Aside from a first year roasting in Seattle’s Fremont neighborhood, Espresso Vivace been roasting in the city’s Capitol Hill neighborhood for 23 years.
The Vivace “Roasteria” debuted at 901 E. Denny, eventually outgrowing the space and moving to 11th Ave. between Pike and Pine in 2004. It lives there today to supply Vivace’s wholesale clients and its own retail shops, all three of which are, not coincidentally, within a two-mile radius.
The Roasteria is soon to take another walk through the neighborhood, as Vivace relocates roasting ops to the lower level of the Garage billiards and bowling hall on Broadway.
With a move scheduled for later this year, we thought it a good time to check in with Vivace founder, renowned espresso author and Seattle coffee icon David Schomer.
Like your current roasting space, your new space will not have a retail component. Why the devotion to roasting on Capitol Hill?
My commitment to roasting on the Hill is so I may walk my rounds each day. For a variety of reasons, I will not commute by car or bike any longer. I biked from my home in Fremont for well over twenty years until two years ago when I found a great place on Bellevue Ave E. I am much happier walking around my city.
How did you discover the new roasting space?
I found out about the space by running into Alex Rosenast, whom I had known for years, and we started talking while we walked up by Cal Anderson Park. I mentioned my long-range goal of obtaining a stable lease for roasting on the Hill and he invited me to look at his basement at Garage — old boys networking. We should start the buildout August 1 and be up and running by December 2015.
Any new equipment plans?
We roast on a Diedrich CR-30 with a Diedrich IR-24 as a backup unit. We will keep the same equipment and have no marketing plans to expand — all word-of-mouth as usual, which I find is a more reliable growth method given the quality of what Vivace puts in the bag.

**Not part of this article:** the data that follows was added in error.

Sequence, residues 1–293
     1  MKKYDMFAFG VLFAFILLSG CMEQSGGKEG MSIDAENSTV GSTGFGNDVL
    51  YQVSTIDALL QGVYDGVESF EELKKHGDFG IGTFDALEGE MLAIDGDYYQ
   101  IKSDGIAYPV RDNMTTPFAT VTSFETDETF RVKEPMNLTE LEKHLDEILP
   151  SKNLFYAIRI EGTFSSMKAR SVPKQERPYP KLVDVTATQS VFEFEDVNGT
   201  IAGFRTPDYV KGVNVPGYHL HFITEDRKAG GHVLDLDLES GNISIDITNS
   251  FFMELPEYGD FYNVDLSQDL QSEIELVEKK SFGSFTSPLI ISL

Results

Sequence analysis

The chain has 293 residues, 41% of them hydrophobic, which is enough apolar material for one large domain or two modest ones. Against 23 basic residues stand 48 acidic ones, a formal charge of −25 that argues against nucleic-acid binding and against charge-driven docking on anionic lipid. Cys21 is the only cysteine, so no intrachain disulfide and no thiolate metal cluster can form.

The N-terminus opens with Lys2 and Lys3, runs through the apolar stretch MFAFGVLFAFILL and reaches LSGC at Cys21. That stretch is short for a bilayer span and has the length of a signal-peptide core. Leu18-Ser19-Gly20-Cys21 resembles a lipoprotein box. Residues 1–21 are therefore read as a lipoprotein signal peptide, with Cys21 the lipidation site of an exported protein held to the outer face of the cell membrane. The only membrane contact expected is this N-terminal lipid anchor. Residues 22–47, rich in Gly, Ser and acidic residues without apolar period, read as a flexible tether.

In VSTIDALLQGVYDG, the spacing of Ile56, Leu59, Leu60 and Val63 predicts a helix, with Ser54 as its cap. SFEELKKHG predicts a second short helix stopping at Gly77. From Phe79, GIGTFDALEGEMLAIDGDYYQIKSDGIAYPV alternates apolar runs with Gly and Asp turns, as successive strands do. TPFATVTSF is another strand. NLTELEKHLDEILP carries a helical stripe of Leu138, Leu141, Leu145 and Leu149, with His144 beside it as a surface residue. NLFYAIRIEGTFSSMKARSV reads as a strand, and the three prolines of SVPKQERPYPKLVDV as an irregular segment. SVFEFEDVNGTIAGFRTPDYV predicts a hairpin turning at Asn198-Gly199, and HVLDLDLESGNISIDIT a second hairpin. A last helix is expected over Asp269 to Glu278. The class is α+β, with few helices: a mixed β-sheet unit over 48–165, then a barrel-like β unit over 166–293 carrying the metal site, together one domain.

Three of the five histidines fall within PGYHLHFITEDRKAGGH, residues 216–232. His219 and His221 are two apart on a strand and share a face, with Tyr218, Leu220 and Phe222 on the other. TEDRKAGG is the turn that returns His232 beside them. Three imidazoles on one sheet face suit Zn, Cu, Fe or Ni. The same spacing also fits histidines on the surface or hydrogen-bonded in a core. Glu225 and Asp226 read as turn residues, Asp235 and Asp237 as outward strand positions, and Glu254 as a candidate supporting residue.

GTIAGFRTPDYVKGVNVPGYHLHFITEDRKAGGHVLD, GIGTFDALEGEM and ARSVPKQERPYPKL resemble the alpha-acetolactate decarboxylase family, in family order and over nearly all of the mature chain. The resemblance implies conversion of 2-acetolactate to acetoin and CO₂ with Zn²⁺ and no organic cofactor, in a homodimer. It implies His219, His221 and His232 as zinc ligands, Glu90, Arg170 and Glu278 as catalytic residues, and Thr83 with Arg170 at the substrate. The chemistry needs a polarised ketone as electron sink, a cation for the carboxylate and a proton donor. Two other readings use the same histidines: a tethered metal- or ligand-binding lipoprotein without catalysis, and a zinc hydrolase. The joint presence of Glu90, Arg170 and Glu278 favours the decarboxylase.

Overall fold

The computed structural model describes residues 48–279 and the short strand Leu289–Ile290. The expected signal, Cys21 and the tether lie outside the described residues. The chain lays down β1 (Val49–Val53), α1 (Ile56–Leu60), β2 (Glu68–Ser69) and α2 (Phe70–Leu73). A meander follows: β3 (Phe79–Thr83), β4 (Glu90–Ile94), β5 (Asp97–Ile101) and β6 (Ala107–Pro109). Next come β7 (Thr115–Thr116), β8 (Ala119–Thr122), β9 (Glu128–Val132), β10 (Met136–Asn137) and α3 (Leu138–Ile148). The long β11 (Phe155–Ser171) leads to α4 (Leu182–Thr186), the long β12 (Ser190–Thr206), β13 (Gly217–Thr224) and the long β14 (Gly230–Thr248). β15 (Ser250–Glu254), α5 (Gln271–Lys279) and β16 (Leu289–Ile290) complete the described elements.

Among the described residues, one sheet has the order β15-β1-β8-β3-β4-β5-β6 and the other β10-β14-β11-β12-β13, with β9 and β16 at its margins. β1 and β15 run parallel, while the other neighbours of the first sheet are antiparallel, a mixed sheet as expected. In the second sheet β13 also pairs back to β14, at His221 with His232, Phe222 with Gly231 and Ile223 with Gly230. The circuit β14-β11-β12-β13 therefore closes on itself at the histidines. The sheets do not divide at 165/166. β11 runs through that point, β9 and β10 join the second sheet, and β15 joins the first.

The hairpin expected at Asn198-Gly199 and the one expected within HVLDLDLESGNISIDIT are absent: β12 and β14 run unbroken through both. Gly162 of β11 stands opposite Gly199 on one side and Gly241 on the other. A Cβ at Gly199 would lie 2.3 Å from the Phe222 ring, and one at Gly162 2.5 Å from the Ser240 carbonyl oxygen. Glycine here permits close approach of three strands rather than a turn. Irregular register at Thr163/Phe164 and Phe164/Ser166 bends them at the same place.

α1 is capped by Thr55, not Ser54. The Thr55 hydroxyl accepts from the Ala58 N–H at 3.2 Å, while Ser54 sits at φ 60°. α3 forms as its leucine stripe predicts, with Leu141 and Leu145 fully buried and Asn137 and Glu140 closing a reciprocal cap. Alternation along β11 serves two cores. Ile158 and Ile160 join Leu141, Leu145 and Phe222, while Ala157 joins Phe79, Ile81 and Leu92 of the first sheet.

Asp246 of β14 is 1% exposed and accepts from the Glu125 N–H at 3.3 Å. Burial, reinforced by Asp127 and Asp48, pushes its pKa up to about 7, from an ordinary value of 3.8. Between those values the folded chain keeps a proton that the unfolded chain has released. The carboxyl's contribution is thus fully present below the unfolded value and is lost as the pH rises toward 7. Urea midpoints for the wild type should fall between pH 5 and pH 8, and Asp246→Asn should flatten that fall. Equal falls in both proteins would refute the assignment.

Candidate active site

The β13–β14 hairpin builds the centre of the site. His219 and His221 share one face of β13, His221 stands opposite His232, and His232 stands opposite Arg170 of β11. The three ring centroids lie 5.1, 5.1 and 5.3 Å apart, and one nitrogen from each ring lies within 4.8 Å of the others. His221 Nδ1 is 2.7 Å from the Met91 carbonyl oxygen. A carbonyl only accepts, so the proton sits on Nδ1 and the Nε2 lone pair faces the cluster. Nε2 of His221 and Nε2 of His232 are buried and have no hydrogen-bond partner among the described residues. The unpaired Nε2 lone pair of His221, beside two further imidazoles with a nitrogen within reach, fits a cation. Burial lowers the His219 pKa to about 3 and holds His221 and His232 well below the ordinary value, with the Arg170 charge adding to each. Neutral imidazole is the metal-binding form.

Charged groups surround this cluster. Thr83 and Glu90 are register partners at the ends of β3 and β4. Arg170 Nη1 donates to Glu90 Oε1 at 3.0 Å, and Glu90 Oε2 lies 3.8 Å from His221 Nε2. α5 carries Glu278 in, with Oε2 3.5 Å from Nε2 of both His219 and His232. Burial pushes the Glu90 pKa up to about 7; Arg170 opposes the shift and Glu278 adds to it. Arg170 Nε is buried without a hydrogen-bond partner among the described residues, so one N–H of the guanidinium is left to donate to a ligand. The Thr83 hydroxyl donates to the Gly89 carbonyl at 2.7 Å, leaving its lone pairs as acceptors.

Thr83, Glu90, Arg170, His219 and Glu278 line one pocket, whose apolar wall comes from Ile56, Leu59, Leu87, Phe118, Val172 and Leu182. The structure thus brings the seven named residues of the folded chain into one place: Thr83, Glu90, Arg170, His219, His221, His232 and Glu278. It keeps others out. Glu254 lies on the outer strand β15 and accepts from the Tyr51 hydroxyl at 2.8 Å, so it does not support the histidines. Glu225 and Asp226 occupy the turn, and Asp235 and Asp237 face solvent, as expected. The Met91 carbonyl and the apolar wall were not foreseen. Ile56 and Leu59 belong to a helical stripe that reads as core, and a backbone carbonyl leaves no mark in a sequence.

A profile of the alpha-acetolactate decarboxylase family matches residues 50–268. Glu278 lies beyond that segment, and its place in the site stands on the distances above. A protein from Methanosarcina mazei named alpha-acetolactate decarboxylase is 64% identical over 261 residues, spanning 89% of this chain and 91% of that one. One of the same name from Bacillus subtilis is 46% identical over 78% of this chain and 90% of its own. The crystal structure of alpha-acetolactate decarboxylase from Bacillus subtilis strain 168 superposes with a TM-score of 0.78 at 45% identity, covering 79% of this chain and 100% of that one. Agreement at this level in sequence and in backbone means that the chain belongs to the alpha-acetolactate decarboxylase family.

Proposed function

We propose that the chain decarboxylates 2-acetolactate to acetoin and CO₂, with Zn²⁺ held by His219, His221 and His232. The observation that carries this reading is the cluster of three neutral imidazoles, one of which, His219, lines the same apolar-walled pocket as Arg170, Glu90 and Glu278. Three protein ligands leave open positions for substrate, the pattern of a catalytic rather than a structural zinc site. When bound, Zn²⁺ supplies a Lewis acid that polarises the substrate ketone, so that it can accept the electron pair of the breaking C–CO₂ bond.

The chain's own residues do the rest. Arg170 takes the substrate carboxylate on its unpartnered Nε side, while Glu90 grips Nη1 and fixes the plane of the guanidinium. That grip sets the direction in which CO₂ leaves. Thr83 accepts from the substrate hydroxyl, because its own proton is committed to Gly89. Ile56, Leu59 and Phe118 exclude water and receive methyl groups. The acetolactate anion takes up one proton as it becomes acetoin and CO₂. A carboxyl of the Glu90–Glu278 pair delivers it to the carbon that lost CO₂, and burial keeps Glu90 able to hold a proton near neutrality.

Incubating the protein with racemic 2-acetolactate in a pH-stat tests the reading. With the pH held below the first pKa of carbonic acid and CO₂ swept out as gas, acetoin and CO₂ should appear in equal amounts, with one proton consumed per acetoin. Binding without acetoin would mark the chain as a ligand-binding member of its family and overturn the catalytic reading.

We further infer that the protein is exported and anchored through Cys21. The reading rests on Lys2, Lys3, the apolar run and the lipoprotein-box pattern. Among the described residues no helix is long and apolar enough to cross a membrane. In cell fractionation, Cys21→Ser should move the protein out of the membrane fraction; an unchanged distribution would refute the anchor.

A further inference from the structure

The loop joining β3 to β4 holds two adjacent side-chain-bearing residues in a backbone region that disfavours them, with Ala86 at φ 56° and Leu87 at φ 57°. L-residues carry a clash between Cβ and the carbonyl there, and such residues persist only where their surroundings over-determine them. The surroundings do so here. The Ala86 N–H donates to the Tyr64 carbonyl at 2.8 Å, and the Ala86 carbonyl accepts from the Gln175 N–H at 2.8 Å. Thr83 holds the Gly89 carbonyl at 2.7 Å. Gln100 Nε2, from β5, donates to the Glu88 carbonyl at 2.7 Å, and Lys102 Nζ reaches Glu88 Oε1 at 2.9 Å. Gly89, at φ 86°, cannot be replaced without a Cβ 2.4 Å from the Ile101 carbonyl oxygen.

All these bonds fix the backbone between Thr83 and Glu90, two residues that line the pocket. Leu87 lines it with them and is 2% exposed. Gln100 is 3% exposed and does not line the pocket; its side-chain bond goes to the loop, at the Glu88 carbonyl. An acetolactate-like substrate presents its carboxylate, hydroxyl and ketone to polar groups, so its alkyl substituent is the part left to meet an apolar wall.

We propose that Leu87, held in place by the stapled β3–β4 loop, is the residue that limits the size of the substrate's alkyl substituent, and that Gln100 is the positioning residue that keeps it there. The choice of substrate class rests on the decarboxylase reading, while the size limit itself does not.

Do you have plans for additional support or programming spaces?
There will be an employee lounge, a break area for the staff on-hand. There will also be a training facility for staff trainings, which are currently conducted at our Brix store.
Are you making any other moves in the neighborhood?
Our news is that we would like to move 321 Broadway — the sidewalk bar — to the new transit facility where we ran the Roasteria from 1992 until 2008. When a retail tenant is forced to move under eminent domain law, they do not get much assistance from the city or state. Vivace was almost bankrupted by this event, so it would be nice to make coffee there again.
However, you will never find a more passionate supporter of transit options in Seattle than myself. The car culture is totally toxic and urban centers such as Paris, London, and even New York are trying very hard to take back their cities from the car and allow the people to live and breathe. Nothing is a more important issue for Seattle. I hate that many people feel they do not have options other than their car.